I am excited to post this blog having recently returned home from India!
I traveled there at the invitation of the Indian Ministry of Resource Development to speak about America's community colleges. Educators and policymakers from around the globe spoke at a conference entitled "Mainstreaming Skills in Education -- Creating Relevant Human Resource."
The ministry and other policymakers in India recognize that the community college model can indeed prove highly relevant to addressing workforce needs -- and also highly relevant to transforming the lives of 600 million youth in India through expanded access to higher education.
Access to affordable, quality higher education is a fundamental premise of the community college. In India, that means residents of every segment of the society and income level can find new opportunities through education -- not only at elite universities, but also at open admission community colleges.
Such access is critical.
Government and business leaders are realizing that community colleges are essential to their workforce and economic development plans. In addition to a strong university system, India needs a community college system that teaches a variety of skills and educates students from every walk of life -- a system that provides knowledge and skills training.
While the India of today is thriving with entrepreneurial spirit, technological advances and jobs of the new economy require that India invest in vastly more education and skills training to support its burgeoning infrastructure -- from more health care workers to skilled auto technicians with training in the computer diagnostics required to service modern cars. Such training has not existed before on such a large, institutional scale, and that is exactly why community colleges can be of incredible value to the people and employers of India.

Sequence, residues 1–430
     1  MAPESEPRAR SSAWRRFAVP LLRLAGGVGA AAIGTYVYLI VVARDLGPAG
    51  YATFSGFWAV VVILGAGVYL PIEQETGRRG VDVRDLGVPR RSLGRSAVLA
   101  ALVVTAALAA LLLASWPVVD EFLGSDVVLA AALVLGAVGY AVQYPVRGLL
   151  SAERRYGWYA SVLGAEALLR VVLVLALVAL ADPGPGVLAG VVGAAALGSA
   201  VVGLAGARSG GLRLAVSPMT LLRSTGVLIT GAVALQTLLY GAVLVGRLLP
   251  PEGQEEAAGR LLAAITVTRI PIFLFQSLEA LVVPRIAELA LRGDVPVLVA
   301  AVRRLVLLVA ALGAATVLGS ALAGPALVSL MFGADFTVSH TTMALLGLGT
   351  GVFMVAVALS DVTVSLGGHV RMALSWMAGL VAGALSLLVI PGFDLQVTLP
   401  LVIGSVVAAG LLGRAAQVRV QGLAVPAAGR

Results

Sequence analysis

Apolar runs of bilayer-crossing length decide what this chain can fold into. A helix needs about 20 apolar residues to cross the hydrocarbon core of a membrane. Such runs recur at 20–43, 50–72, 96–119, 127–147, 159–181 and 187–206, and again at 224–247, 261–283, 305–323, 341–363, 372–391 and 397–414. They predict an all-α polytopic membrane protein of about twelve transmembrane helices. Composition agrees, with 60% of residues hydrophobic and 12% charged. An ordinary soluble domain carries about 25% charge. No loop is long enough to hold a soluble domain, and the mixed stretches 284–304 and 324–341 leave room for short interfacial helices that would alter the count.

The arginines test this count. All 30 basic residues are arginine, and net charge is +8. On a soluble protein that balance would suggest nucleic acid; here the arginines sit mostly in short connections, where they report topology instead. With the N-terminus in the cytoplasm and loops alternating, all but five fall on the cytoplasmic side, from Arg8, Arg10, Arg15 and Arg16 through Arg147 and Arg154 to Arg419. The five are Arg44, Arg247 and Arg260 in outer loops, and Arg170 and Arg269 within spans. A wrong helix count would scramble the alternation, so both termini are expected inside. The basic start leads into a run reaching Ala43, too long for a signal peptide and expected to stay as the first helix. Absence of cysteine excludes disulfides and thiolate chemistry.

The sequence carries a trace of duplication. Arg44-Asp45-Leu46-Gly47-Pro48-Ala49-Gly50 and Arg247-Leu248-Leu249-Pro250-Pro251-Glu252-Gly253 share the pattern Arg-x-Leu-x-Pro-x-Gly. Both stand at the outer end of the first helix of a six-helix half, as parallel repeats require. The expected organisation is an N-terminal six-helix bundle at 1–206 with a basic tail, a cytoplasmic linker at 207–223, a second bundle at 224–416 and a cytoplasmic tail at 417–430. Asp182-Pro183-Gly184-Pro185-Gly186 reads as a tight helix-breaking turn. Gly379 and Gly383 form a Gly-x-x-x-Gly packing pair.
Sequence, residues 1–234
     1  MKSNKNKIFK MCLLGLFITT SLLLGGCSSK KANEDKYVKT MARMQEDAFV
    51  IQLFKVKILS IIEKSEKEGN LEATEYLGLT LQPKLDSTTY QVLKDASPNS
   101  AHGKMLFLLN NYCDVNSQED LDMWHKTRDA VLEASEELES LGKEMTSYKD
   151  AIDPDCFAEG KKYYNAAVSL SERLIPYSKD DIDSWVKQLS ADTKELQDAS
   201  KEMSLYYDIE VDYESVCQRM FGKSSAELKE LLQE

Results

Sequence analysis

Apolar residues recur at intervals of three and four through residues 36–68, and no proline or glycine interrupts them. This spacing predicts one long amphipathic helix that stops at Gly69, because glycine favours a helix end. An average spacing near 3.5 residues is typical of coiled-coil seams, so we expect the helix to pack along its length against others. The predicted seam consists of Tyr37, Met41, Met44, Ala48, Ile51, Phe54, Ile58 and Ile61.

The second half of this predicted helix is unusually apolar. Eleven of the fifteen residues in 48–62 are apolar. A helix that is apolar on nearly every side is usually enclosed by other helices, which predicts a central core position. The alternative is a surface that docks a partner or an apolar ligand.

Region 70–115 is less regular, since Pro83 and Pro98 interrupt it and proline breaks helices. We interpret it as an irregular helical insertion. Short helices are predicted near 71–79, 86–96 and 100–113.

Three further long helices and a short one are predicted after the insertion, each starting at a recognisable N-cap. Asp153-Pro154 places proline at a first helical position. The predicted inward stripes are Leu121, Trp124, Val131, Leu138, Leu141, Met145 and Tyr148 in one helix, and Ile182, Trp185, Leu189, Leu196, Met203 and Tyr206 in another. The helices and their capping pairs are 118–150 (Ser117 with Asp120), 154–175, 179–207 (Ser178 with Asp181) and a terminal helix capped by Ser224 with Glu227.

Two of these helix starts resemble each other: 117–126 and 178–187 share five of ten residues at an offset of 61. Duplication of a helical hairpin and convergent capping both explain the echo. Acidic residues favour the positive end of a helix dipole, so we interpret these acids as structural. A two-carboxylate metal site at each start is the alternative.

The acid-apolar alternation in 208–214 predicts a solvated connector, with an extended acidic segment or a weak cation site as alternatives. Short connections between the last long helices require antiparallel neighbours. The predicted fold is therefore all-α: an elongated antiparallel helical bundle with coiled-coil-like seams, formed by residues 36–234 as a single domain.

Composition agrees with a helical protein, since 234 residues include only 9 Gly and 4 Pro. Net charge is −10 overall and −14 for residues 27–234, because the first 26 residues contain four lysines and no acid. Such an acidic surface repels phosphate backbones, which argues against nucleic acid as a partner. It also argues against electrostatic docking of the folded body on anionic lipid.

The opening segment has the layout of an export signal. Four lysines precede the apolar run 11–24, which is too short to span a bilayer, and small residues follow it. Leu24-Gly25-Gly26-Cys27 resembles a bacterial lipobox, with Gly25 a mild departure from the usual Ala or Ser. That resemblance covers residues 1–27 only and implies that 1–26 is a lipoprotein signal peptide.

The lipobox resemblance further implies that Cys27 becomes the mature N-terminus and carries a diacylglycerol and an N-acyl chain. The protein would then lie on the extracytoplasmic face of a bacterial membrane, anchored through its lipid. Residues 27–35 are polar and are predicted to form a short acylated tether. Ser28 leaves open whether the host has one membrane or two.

There are challenges. This new model of higher education only works if there is community engagement, business investment, and credential stacking. There also must be a commitment to equal access to higher education for all, as well as equal success. India will grapple with challenges we have faced in the U.S. The country's goal should be that everyone - no matter their family income or background -- has that chance at the "Indian Dream," an opportunity for a successful life as defined by the people of India.
Given the sheer volume of people in India who would benefit from education and training, India is likely to move quickly as policymakers shape their version of the community college. They may well accomplish in five or ten years what it took their U.S. counterparts decades to accomplish.
The work has already begun. Following a global study of community colleges and vocational systems, India's Ministry of Human Resource development aims to pilot 200 community colleges beginning in the fall of 2013.
I am excited to encourage India's community college supporters, and proud that our College has been engaged in this conversation through our own India initiative, which would allow our institution to serve as a model.
As we like to say here at Montgomery College, there are "endless possibilities" at the community college. Let us hope India has the opportunity to provide those possibilities to a whole new population of students.
If a rising tide lifts all boats, then rising education opportunities can lift all people -- and that makes for a healthier world for all of us.